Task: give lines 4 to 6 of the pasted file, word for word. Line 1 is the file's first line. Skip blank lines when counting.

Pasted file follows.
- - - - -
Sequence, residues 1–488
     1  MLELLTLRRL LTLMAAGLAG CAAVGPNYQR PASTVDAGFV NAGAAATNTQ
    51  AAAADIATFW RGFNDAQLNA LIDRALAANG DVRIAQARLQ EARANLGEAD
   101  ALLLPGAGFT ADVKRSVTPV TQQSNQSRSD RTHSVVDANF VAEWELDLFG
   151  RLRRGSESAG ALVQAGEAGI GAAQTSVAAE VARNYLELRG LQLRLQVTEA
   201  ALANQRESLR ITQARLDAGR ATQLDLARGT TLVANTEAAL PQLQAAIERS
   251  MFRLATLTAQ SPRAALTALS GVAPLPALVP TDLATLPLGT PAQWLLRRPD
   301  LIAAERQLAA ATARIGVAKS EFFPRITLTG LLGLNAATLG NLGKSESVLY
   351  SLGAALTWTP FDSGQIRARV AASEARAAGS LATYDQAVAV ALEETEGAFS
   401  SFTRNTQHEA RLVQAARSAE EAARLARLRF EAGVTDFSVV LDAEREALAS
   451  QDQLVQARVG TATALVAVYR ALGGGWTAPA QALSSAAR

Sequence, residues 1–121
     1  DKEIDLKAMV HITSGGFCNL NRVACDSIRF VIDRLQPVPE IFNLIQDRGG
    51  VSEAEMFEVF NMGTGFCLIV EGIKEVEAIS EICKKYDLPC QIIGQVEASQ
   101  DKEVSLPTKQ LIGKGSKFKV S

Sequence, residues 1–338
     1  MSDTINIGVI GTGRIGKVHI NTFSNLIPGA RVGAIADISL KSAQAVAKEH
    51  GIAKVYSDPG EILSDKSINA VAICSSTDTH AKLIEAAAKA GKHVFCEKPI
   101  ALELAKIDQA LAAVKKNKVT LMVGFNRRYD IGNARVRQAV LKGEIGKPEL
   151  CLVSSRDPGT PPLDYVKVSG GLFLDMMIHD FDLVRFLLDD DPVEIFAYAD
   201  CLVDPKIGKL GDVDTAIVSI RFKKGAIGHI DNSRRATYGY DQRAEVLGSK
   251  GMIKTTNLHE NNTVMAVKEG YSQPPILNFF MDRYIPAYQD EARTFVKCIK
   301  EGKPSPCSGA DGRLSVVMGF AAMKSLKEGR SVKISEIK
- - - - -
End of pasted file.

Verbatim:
   101  ALLLPGAGFT ADVKRSVTPV TQQSNQSRSD RTHSVVDANF VAEWELDLFG
   151  RLRRGSESAG ALVQAGEAGI GAAQTSVAAE VARNYLELRG LQLRLQVTEA
   201  ALANQRESLR ITQARLDAGR ATQLDLARGT TLVANTEAAL PQLQAAIERS